British investigators helped to disrupt a gang smuggling refugees across the Mediterranean, the National Crime Agency has said.
The group is believed to have charged refugees up to €5,000 (£4,500) to be trafficked across the sea from Egypt to the Greek island of Crete.
They would then be transported on journeys across Europe and sometimes into the UK.
Six suspected gang members aged between 23 and 49 were arrested during a series of raids in Crete on Monday, the NCA said.
The network is said to have shown little regard for the safety of the refugees and is suspected of being responsible for circumstances leading to 60 people being rescued off the coast of Crete in an unseaworthy vessel in May.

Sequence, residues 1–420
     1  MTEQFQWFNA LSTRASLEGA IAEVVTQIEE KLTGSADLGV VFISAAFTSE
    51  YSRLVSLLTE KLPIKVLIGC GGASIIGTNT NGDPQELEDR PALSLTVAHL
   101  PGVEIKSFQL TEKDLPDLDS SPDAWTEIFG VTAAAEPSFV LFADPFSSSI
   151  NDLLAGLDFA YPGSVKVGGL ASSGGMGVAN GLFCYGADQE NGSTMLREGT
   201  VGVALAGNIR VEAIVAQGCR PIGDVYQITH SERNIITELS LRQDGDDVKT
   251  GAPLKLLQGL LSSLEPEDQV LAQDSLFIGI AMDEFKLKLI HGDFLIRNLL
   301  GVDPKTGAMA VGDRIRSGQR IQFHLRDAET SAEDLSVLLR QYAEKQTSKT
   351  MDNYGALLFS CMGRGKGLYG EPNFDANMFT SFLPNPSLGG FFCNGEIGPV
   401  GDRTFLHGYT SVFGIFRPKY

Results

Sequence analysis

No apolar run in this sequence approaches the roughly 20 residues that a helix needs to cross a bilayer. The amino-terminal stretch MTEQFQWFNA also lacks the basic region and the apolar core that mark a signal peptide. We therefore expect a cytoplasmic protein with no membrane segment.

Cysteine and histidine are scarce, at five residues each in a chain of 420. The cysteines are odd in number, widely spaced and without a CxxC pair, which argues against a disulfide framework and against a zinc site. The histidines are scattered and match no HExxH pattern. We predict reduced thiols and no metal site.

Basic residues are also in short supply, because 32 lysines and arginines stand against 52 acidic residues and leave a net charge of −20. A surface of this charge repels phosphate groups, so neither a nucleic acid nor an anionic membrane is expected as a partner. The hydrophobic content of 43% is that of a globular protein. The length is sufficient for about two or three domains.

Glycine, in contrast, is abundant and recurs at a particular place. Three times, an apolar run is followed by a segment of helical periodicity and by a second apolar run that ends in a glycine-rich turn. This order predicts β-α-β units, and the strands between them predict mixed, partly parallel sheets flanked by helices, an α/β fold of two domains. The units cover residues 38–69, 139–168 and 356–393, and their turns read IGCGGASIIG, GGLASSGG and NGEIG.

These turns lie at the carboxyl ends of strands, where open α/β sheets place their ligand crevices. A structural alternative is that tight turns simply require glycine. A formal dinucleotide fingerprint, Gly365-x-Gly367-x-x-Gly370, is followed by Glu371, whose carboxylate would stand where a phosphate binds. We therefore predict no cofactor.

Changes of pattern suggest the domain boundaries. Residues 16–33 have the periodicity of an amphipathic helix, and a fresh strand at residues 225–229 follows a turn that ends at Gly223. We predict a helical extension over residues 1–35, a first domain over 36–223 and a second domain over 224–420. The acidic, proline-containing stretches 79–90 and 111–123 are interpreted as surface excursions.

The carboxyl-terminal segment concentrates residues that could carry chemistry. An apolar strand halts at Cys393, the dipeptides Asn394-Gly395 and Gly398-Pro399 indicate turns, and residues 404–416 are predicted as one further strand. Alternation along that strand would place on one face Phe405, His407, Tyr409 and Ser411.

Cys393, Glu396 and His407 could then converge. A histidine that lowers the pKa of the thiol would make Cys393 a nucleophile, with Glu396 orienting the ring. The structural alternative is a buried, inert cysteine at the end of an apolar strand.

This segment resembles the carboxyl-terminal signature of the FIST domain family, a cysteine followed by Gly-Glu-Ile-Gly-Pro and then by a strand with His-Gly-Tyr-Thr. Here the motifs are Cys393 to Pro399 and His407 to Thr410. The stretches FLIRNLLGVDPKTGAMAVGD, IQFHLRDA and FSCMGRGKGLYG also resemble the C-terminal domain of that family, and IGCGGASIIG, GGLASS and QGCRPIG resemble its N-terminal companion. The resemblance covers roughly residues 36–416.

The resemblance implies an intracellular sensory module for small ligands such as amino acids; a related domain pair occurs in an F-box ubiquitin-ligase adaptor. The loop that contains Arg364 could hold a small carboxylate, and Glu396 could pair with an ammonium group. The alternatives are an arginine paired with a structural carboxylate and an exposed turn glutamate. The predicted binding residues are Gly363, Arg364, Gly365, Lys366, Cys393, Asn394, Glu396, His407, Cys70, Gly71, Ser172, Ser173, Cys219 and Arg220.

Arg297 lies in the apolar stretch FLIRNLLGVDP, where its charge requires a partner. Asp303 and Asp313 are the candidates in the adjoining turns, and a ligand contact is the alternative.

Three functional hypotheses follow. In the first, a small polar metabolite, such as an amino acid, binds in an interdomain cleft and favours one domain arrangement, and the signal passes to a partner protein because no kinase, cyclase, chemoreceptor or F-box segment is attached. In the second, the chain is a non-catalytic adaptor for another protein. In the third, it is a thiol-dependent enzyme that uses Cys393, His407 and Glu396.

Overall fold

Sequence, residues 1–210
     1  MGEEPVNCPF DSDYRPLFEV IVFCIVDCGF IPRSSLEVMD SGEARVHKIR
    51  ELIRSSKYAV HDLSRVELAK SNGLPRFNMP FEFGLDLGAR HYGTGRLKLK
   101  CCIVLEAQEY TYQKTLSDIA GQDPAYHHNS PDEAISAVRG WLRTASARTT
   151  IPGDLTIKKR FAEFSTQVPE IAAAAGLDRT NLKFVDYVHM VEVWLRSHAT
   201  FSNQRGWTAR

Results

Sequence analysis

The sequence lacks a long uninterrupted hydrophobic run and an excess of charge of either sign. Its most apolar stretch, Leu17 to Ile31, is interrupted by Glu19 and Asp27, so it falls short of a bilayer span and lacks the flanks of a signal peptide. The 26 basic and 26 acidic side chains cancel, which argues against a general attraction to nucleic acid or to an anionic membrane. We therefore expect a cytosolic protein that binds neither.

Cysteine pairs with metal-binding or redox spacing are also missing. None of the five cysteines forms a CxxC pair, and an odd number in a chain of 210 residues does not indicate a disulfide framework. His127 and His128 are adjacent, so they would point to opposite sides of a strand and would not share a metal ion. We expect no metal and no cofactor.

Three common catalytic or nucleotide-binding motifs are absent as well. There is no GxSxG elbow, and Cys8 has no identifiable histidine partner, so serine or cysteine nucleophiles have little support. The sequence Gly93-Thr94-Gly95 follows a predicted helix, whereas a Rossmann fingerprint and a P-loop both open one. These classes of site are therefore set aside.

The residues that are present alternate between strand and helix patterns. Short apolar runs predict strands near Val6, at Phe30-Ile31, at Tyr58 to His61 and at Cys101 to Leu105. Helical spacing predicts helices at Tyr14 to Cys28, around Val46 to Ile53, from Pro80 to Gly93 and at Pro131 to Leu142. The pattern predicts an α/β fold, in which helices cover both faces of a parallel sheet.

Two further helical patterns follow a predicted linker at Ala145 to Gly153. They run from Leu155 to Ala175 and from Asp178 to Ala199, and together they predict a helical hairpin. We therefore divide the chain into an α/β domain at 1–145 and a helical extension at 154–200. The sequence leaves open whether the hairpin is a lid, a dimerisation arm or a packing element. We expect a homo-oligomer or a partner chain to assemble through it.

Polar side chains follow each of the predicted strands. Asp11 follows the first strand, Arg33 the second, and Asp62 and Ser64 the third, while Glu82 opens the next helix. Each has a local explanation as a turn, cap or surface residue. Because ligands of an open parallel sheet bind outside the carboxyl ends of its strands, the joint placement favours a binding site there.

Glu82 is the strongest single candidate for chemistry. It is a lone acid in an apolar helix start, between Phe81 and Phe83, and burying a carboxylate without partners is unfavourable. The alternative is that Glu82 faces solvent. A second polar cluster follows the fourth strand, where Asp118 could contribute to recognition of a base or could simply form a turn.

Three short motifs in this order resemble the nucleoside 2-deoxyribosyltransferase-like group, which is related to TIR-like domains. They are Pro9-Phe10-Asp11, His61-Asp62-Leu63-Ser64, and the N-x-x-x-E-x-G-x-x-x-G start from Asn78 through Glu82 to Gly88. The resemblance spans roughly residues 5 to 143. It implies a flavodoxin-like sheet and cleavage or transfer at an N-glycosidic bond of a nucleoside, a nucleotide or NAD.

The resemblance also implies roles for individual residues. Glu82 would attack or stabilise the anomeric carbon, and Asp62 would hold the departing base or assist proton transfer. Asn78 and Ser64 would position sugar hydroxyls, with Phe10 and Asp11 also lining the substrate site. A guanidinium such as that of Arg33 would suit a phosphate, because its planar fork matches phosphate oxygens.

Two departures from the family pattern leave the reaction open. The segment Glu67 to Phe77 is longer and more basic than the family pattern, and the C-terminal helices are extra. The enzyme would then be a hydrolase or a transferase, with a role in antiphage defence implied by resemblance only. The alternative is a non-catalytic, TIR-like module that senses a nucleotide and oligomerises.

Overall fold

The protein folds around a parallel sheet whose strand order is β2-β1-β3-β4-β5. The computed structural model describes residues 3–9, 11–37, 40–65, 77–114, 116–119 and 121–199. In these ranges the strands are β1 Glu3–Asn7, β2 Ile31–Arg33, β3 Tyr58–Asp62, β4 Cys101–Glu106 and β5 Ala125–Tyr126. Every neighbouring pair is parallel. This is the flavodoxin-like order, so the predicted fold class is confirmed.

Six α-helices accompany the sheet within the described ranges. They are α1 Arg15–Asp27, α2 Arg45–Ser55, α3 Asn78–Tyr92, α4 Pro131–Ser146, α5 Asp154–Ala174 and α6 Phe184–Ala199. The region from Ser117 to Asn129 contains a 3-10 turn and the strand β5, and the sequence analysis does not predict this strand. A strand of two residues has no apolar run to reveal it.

The NCA, which leads people-smuggling task force Invigor, said the men faced prosecution in Greece for allegedly arranging accommodation and transportation of refugees, while providing them with false documents.
Members of a linked group were arrested in March last year when more than 100 refugees were found being held in caves and abandoned farm buildings, according to the NCA.
“The kind of people-smuggling networks we see operating in the Mediterranean represent a huge risk to the lives of those they transport,” Chris Hogben, the head of Invigor, said.
“These criminal gangs treat migrants as a commodity to be profited out of – they don’t care about keeping them in horrendous conditions or using completely unsuitable or unseaworthy vessels to move them hundreds of miles across the sea.”